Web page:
Meet the New Instructors of WPPI: Ty Audronis

December 19, 2017

By WPPI Staff

Photo © Ty Audronis

WPPI is proud to be hosting several new instructors at the 2018 Conference and Expo. In an industry that's constantly changing, our goal is to provide attendees with instructors that are thriving in today's market and can share some of the secrets to their success. Here, Ty Audronis tells us about the work he's doing with aerial cinematography and explains what skills still shooters need to make a successful transition to drone footage capture. Don't miss his presentation taking place at the Mandalay Bay Resort and Convention Center in Las Vegas. See you there!

Name: Ty Audronis
Title: Drone pilot, photographer, cinematographer
WPPI Seminar: Aerial Cinematography on Wednesday, February 28, 2018, from 3:30 p.m. to 5:30 p.m.
Years in business: 20+

Photo © Ty Audronis

WPPIWhat are some common mistakes you see new drone pilots making, and what are some ways they can correct those errors?
Ty Audronis: Some of the most common mistakes I see (even in advanced pilots) have to do with a lack of understanding of the technology. The ease of flight of the new generation of drones gives a false sense of security to pilots and they become complacent. Complacency leads to accidents, and sometimes injuries. Being a good pilot takes a lot of practice.  Being a good photographer takes a lot of practice. Being both takes twice as much practice (and education).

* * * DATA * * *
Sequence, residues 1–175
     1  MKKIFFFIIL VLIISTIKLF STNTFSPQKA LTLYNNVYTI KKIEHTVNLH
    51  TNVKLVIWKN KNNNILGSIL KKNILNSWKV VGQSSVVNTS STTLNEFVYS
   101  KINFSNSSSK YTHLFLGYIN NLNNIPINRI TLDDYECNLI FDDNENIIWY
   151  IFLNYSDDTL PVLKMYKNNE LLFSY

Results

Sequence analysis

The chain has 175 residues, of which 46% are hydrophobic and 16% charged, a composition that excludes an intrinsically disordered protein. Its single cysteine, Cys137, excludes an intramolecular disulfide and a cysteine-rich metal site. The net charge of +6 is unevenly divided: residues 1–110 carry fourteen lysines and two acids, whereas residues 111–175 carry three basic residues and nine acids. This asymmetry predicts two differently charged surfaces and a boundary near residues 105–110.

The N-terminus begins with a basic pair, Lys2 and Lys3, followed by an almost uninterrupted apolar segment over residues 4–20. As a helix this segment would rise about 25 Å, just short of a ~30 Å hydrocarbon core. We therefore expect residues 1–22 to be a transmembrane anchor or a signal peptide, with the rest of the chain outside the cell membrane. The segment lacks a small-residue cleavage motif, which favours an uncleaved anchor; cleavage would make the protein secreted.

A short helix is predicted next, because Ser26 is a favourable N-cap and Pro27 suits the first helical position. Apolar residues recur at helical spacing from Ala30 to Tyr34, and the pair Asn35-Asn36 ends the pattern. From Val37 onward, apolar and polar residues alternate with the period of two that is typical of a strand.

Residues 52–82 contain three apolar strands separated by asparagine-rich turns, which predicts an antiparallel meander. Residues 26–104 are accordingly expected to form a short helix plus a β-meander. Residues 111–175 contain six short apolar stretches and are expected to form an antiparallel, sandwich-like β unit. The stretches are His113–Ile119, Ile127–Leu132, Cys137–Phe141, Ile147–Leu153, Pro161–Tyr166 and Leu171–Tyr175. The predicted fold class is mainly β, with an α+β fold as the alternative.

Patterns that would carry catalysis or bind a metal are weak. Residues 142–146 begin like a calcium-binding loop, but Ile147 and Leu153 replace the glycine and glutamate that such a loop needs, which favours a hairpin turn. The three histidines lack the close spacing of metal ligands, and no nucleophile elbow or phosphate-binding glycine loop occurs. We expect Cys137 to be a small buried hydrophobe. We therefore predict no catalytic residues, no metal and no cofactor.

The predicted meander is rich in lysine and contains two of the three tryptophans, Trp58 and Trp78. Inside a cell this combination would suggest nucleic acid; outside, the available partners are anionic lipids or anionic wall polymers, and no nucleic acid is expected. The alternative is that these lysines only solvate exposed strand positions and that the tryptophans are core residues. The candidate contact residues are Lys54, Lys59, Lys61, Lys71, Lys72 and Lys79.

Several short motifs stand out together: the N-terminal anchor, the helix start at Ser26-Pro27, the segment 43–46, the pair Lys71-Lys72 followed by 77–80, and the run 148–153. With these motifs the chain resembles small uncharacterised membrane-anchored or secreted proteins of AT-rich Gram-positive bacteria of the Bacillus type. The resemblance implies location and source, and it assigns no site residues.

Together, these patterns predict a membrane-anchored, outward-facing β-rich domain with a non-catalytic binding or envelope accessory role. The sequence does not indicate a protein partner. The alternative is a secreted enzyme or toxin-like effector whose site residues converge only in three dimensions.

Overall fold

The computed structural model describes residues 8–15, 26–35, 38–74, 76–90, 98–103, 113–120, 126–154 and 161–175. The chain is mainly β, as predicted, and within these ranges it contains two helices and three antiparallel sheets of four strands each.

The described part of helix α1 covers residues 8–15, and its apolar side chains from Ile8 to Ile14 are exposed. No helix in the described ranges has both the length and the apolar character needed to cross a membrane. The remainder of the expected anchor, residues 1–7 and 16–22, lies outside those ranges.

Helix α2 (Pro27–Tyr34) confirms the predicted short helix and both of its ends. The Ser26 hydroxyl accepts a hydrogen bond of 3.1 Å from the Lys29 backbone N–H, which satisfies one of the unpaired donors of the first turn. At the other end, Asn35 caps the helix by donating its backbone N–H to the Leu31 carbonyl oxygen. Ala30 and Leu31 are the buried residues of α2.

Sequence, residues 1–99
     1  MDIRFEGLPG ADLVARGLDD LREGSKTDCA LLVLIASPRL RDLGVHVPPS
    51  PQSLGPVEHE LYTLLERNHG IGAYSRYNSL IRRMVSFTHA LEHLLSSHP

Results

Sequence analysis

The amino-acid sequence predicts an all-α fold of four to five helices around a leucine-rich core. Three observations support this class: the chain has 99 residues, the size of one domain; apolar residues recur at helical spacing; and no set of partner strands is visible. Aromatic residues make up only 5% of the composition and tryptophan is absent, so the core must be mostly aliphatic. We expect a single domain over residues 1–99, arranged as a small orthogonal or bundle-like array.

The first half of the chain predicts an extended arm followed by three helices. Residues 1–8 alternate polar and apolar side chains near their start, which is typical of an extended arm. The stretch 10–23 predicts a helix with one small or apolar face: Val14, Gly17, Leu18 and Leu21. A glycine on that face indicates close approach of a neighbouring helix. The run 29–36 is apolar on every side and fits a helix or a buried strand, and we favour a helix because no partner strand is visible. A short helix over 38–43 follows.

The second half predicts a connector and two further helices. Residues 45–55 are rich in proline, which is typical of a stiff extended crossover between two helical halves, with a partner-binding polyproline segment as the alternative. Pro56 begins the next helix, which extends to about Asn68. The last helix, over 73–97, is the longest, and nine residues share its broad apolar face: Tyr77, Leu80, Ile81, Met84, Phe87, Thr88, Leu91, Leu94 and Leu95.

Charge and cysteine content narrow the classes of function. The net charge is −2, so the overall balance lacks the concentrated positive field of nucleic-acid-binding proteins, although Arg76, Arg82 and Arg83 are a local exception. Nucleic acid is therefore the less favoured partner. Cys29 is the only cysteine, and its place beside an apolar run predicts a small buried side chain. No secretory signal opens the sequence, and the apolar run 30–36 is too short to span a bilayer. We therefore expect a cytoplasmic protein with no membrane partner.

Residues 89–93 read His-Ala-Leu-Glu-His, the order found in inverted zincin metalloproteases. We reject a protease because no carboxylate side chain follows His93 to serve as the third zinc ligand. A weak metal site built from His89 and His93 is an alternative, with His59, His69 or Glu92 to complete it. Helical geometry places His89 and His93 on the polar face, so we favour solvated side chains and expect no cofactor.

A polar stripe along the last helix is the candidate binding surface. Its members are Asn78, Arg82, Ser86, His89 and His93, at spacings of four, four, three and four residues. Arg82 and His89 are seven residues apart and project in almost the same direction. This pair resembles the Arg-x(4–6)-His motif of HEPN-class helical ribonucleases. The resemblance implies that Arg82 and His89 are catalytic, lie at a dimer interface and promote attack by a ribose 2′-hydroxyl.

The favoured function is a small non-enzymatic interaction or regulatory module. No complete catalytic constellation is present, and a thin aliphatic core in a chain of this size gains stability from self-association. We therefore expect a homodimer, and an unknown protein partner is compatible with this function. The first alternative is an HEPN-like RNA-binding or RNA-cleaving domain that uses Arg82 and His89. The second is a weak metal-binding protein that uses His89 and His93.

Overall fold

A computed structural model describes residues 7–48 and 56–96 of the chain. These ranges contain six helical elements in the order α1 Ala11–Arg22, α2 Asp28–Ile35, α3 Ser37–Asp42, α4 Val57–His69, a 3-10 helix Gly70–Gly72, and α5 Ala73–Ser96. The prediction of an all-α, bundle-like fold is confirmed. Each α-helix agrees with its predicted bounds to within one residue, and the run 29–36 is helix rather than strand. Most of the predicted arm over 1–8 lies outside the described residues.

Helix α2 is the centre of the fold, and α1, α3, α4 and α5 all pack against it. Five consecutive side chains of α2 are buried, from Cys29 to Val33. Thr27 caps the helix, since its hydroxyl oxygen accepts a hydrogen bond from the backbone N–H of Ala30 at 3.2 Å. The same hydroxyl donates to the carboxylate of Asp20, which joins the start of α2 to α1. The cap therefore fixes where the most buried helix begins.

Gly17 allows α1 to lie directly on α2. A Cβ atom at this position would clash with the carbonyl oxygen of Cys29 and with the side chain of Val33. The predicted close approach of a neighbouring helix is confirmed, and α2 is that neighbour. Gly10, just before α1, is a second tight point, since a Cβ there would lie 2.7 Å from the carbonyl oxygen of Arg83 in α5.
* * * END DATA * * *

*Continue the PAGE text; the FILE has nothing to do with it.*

WPPI: Who are some of your clients for drone footage?
TA: I've worked for Discovery Networks (Discover, Investigation Discovery, etc.), History, Travel, Sci as well as some feature film projects. I've also worked on several national, regional and local ad campaigns. During Hurricane Harvey, for example, I did some work on behalf of Humanitarian Drones (of which I'm a founding member) for the Texas National Guard, City of Rockport and other agencies as well.

WPPI: Where do you see the future of aerial photography going, and what can still shooters do now to prepare?
TA: When I started using drones, the technology was such that you had to build it all on your own. There just weren't any small Unmanned Aircraft Systems (sUAS) out there worth buying. And, by "build your own," I mean tearing out components from other electronics to literally build your own control systems! Now you can buy a DJI Phantom 4 Pro at an electronics store on your way to the set. You can't spit without hitting a drone. So that means that you need to rely on your skill to set you apart from the competition—not your gear.  There is no "instant skill" switch on a drone, so extreme attention to detail is what aerial photographers and cinematographers need nowadays.

WPPI: Are there any movies, books, songs or artworks that have inspired your work?
TA: Absolutely.  Any creative that tells you otherwise is lying. Inspiration is the nature of the business. From the visual effects of The Matrix to the use of color to set scenes by Jerry Bruckheimer to the use of music in the opening montage of Sucker Punch.  I make it a point to watch at least six hours of television or film every day. It's my industry magazine. If I'm not working with audio, I have a TV running while I work.

Check out more interviews with the new instructors of WPPI by visiting: